These days, the Vermont-based Spartan Race has private equity backing, major corporate sponsors such as Reebok, an ambitious worldwide schedule of events at multiple distances, an NBC Sports television special, and an upcoming book. Driving it all has been DeSena, 45, who made a fortune on Wall Street, once completed a dozen Ironman triathlons in one year, and has made no secret of his desire to get Americans off the couch and his distaste for rival Tough Mudder’s untimed, non-competitive format. He bristles as the phrase “mud run,” viewing obstacle racing as a sport worthy of inclusion in the Olympics. (Indeed, with the exception of the barbwire crawl and a possible fall from the rope climb, there’s no mud in tomorrow’s affair.)

This all-steel depiction of two soldiers by Tampa artist Dominique Martinez will be on display at the race.

This all-steel depiction of two soldiers by Tampa artist Dominique Martinez will be on display at the race.

This morning, Spartan set up shop in the shadow of the Yankees and Buccaneers, two of the wealthiest franchises in sports. Dozens of workers wore red and black Spartan gear, blending in with the Raymond James and Buccaneers branding.

The workers rolled out chain link fencing and Reebok Spartan-branded signage, set up a huge Spartan souvenir tent, and prepared for both 6,000 Spartans and De Sena’s latest aggressive push into the world of professional sports.




Spartan Beast Coming to Central Florida

By Pete Williams


Courtesy Spartan Race

Courtesy Spartan Race

Spartan Beast, the most challenging of the Spartan Race’s three main formats, is coming to Central Florida this fall.


Spartan Race officials made a presentation this morning in front of Pasco County’s Tourist Development Council, proposing a Spartan Beast event, most likely at Little Everglades Ranch, in November or December. The TDC now will make a recommendation to Pasco County’s Board of County Commissioners, which almost always approves such measures.

The Spartan Beast is a 10- to 12-mile obstacle course race and considered considerably more difficult than the 8-mile Super Spartan, which has taken place in Miami in February each of the last three years. This will be the first Spartan Beast staged in or anywhere close to Florida; there is a Spartan Beast scheduled for Nov. 9 in Winnsboro, S.C.

While there are numerous Super Spartan races and 3-mile Spartan Sprints on the 2013 calendar around North America, there are only eight Spartan Beasts listed on the company’s website.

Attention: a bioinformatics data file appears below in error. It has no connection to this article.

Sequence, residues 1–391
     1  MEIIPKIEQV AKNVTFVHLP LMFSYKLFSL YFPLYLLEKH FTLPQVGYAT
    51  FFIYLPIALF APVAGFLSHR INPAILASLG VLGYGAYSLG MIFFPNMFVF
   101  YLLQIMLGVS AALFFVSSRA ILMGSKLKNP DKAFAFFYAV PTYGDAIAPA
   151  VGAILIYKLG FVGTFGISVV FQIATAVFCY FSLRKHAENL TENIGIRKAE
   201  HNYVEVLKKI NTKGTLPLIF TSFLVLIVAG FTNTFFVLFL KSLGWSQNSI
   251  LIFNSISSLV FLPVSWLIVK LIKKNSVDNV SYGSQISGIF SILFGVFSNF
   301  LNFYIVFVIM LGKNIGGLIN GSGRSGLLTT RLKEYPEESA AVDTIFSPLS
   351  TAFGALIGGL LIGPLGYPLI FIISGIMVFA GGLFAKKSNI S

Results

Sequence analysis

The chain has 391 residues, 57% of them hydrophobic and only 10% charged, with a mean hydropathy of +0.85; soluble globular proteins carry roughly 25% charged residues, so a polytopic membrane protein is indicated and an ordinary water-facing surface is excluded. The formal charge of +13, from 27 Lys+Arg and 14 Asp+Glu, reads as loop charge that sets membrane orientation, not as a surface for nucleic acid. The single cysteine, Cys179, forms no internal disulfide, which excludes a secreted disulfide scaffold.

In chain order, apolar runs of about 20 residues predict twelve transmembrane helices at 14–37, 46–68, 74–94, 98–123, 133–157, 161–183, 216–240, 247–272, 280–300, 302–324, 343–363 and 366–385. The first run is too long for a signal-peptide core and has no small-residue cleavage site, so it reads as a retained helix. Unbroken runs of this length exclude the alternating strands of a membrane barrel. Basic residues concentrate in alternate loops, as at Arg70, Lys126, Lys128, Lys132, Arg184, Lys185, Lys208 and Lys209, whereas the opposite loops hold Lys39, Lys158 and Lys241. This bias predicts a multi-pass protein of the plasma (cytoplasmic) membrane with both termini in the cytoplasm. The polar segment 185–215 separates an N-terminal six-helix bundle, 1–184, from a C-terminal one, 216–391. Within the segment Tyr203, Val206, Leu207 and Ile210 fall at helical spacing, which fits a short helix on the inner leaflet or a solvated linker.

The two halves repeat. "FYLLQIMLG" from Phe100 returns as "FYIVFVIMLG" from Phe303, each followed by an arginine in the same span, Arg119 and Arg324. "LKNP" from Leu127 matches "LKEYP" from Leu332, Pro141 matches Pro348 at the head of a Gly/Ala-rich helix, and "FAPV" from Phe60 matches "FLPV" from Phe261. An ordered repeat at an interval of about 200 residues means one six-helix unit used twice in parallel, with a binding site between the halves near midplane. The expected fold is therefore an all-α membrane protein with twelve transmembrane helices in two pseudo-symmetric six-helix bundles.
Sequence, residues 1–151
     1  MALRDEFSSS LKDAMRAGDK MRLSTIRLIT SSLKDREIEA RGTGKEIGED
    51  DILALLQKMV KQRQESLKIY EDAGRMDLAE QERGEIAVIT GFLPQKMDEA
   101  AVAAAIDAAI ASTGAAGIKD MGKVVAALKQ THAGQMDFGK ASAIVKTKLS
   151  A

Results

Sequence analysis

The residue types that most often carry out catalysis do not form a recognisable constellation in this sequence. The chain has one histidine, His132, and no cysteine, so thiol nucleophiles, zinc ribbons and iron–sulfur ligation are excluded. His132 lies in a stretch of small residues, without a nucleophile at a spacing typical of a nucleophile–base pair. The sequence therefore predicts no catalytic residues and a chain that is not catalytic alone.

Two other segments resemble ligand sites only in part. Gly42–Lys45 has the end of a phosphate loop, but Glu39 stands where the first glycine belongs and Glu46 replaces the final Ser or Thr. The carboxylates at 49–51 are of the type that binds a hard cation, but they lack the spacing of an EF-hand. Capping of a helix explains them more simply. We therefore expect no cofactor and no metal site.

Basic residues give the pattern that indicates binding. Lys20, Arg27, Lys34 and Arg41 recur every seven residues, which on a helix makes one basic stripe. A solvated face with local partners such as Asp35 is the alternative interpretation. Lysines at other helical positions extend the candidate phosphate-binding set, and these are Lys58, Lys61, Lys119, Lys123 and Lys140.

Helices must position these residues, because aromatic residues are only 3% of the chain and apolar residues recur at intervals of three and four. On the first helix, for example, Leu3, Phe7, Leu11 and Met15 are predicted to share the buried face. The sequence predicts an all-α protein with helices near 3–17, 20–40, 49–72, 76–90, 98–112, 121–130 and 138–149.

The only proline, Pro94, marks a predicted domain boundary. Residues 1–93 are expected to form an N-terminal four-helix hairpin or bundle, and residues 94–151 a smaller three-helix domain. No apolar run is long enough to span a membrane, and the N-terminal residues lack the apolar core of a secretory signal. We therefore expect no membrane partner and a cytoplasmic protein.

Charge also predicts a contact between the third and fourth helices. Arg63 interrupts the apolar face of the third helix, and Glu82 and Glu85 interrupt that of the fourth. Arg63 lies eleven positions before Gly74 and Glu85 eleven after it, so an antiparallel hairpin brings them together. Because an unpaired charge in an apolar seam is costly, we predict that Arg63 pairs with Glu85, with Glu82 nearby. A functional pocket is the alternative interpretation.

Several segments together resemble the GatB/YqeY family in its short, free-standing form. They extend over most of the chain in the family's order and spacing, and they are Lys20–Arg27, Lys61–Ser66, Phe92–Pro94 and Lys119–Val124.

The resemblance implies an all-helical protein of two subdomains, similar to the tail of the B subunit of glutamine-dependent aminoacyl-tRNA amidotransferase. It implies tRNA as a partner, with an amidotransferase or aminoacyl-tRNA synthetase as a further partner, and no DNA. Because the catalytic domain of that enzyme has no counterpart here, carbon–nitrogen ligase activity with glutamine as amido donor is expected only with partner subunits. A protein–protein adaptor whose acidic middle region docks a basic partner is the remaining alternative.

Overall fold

Athletes do Burpees at Super Spartan Miami in 2012

Athletes do Burpees at Super Spartan Miami in 2012

Spartan officials told Pasco County’s TDC that they had toured Little Everglades Ranch and projected to bring 8,000 participants to the race, at least 30 to 40 percent of which would travel 50 miles or more. Spartan plans only a one-day affair, but Pasco County officials hope that could be expanded into two days if there’s significant early registrations.

Spartan Race once made it a point not to hold events at venues previously used by its competitors, especially Tough Mudder, which held its first Florida event at Little Everglades Ranch in December of 2011.

IMG_3876But as obstacle events have proliferated in the last 18 months, races inevitably overlap at the same facilities, especially when so few have the right combination of ample land, parking, and convenience to major markets.

Little Everglades, a well-manicured, 2,050-acre ranch just north of Tampa, has proven to be perhaps the best venue for obstacle racing in North America. Located in a year-round warm climate, with numerous natural water obstacles, it also has multiple entrances from major thoroughfares and more than a hundred acres of parking, which makes handling big crowds no problem. For recent events, Little Everglades has provided large tents, one for men and one for women, to rinse off mud and change clothes.

SpartanMiami2012Tough Mudder drew more than 15,000 runners over two days in 2011 before moving to Hi Hat Ranch in Sarasota for last year’s race, where athletes encountered traffic delays of up to four hours getting to the property. Savage Race moved to Little Everglades in October after two events in Clermont, and returns to the venue on April 13. The Dirty Girl Adventure Run staged a successful event there as well in February.

Since its debut in 2010, Spartan Race has become perhaps the most challenging of the national obstacle race events, developing a following of athletes who travel North America participating in the various distances. Unlike other events, Spartan Race penalizes athletes 30 Burpees for each challenge they fail to complete.

Unlike Tough Mudder, which bills its event as a team-building, untimed challenge and encourages office groups to run together, Spartan Race is marketed as a highly-competitive, individual, timed race. Reebok recently signed on as a title sponsor for Spartan Race, which holds some of its shorter events at Major League Baseball venues.

The Spartan Beast, though tougher than the Super Spartan or the 3-mile Spartan Sprint, is not as challenging as the Spartan Ultra-Beast, a marathon-distance event in Vermont in November. There’s also the Spartan Death Race, also in Vermont, which has no set finish. Last year’s event lasted 67 hours and, as usual, only 20 percent of the field was left standing when the race was called.